“One solution could be a very large disk containing the necessary building blocks in sufficient quantities,” Dr. Clare said in an MPIA press release dated September 26, 2019. Clare chairs the working group on planetary theory at MPIA. If the protoplanetary accretion disk orbiting the star has more than about 1/10 stellar mass, the gravitational effect of the parent star is no longer sufficient to maintain the stability of the disk. The density of the recording material itself plays an important role in the play, and its influence becomes both noticeable and significant. The result is a gravitational collapse similar to what happens at the birth of a baby star. However, young dwarf stars have not yet seen this.


On January 9, 1992, radio astronomers Dr. Alexander Volshchan and Dr. Dale Frail recognized their important discovery of an undeniably strange planet duo orbiting a star-shaped corpse called a pulsar. Pulsars rotate newborn neutron stars quickly and steadily, and it is the remains of a doomed massive star that collapsed as a result of a type II supernova (nuclear collapse). These objects are very compact. A teaspoon of neutron stars can weigh as much as a fleet of limousines.

The discovery of alien pulsar planets orbiting a rotating dead dense star called PSR 1257 and 12 is widely believed to be the first confirmed detection of extrasolar planets. However, pulsar planets are extremely strange animals inhabiting the planetary zoo. This batch of alien exoplanets probably formed from the unusual supernova remnants that gave rise to their parent pulsar in the second cycle of the planet’s birth – or, alternatively, to be the persistent stone nuclei of giants. explosion of a supernova, then fell into its current orbit.

On October 6, 1995, Nobel laureates Dr. R. Michel Major and Didier Keloz of the University of Geneva in Switzerland announced the first confirmed discovery of an exoplanet orbiting the main star (burning hydrogen) still “alive” as our own Sun.

At the beginning of this new era of exoplanet discovery, the most confirmed exoplanets were the huge gas giant planets that surrounded their parent stars in dense hot orbits. The discovery of these hot extraterrestrial Jupiters surprised astronomers. Indeed, the theories of planet formation assumed that giant planets should be able to form only further from their stars. However, more other types of planets were eventually discovered, and it is now clear that hot Jupiters are a minority of exoplanets. In 1999, The Andromeda’s Ipsylon became the first star of the main sequence, which is known to be home to several planets. Kepler-16 is home to the first extraterrestrial planet discovered in the orbit of a binary galaxy in the main sequence.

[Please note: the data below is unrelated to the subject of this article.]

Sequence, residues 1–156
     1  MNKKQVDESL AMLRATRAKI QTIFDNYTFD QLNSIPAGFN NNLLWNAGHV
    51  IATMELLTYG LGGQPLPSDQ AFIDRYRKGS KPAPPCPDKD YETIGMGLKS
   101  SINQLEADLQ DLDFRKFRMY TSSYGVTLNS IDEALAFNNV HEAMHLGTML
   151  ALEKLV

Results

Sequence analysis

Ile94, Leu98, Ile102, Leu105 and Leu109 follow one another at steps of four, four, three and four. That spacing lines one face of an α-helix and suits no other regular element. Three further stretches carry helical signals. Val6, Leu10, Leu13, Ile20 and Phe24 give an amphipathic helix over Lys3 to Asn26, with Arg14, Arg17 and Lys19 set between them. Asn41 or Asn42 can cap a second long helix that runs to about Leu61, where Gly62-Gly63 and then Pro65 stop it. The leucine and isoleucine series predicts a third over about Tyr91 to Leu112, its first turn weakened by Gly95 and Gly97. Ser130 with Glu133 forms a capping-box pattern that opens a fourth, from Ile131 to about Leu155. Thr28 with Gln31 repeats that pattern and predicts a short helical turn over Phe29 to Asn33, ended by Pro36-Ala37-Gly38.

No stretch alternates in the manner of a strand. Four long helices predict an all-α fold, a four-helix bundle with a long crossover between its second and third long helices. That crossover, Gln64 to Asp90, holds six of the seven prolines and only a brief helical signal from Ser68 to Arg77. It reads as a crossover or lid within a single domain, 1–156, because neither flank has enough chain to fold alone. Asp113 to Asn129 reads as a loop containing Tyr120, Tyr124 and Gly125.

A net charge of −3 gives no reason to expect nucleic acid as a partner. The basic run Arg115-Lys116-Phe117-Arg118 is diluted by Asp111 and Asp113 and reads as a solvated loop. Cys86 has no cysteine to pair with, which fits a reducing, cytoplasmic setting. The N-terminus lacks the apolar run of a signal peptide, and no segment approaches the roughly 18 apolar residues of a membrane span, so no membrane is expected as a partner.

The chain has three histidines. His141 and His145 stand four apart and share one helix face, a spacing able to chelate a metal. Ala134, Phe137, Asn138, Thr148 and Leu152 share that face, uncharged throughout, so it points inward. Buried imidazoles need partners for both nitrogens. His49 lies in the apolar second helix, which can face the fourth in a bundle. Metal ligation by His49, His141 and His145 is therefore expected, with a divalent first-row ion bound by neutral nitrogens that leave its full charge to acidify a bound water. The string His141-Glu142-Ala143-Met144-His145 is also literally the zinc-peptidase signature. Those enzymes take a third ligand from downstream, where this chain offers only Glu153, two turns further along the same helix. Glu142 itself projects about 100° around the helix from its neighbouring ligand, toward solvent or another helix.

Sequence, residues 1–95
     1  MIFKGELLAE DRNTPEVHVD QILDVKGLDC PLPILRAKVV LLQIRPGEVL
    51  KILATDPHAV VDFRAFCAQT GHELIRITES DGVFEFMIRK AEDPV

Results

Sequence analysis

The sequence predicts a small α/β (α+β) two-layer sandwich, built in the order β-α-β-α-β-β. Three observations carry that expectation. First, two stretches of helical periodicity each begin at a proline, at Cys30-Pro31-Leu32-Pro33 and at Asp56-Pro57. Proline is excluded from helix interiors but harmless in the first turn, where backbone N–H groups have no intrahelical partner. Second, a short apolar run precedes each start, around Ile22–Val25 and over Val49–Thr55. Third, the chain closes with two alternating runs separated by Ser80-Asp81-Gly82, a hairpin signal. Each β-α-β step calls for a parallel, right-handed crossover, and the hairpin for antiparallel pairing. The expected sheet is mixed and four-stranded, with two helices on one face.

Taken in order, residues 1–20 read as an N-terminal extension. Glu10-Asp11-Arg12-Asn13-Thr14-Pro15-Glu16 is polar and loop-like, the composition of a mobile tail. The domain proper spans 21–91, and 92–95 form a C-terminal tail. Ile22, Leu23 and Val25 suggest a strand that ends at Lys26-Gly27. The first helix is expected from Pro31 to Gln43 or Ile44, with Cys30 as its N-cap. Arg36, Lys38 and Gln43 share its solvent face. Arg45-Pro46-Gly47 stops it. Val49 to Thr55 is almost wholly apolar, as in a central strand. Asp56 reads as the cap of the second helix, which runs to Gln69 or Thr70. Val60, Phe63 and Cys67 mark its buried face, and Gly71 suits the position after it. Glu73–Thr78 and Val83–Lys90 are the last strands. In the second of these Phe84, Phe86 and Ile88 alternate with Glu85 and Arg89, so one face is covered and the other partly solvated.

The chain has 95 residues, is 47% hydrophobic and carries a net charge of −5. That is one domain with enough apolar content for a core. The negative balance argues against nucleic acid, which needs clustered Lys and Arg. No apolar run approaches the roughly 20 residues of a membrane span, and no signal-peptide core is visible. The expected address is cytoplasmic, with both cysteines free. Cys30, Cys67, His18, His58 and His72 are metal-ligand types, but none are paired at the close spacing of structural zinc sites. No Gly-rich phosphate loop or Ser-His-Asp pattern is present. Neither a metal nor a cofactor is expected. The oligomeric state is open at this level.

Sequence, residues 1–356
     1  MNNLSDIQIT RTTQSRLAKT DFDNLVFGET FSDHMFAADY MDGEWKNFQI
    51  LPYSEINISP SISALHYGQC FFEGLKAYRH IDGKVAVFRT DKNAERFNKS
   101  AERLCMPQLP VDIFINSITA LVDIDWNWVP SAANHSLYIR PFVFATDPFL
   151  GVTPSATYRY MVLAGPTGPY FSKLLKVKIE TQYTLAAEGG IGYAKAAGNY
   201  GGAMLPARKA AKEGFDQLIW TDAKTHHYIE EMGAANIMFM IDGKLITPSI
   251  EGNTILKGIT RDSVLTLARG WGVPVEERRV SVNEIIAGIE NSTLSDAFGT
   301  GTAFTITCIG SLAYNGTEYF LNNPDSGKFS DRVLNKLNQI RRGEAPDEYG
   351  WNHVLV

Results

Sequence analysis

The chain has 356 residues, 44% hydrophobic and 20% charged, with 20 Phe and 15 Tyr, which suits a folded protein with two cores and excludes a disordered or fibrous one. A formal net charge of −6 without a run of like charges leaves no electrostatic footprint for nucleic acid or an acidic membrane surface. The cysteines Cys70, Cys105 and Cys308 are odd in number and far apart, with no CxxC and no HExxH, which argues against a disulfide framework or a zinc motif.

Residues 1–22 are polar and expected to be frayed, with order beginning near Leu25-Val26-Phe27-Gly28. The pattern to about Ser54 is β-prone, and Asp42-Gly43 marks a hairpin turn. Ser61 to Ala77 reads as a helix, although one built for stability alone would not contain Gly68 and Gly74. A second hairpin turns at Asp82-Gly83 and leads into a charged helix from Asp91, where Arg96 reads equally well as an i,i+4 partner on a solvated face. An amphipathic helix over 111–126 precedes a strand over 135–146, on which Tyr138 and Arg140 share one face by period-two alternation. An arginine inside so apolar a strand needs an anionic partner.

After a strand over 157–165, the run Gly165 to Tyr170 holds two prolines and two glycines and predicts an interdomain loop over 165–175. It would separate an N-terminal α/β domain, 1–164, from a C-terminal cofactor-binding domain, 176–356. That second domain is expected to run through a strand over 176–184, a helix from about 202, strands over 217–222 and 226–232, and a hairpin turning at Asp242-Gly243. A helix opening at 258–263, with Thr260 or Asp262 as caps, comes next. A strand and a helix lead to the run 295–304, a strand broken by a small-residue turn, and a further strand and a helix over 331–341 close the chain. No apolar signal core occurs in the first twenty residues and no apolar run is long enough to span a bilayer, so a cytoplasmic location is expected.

On February 26, 2014, NASA announced the discovery of 715 newly tested extraterrestrial planets orbiting 305 stars discovered by the Kepler Space Telescope. These exoplanets have been tested by astronomers using a statistical method called multiple verification. Before these new results were available, most of the exoplanets tested were gas giants comparable in size to Jupiter or more. That’s because they’re easier to spot. On the contrary, Kepler’s worlds are usually somewhere between the smallest sizes of Neptune and Earth.

On July 23, 2015, NASA announced the discovery of Kepler452b, a Earth-sized planet orbiting the habitable G2 star zone. The habitable zone around the star is the Goldilocks zone, where it is not too hot and not too cold, but only for liquid water. The presence of liquid water is necessary for the emergence of life as we know it, and therefore the planets in the habitable zone of their star parents suggest the possibility – but not the promise – of welcoming life.

Astronomers looking for exoplanets have discovered thousands of such worlds in our Milky Way. As of October 1, 2019, there were 4,118 confirmed exoplanets in 3,063 systems, with 669 systems placing more than one planet.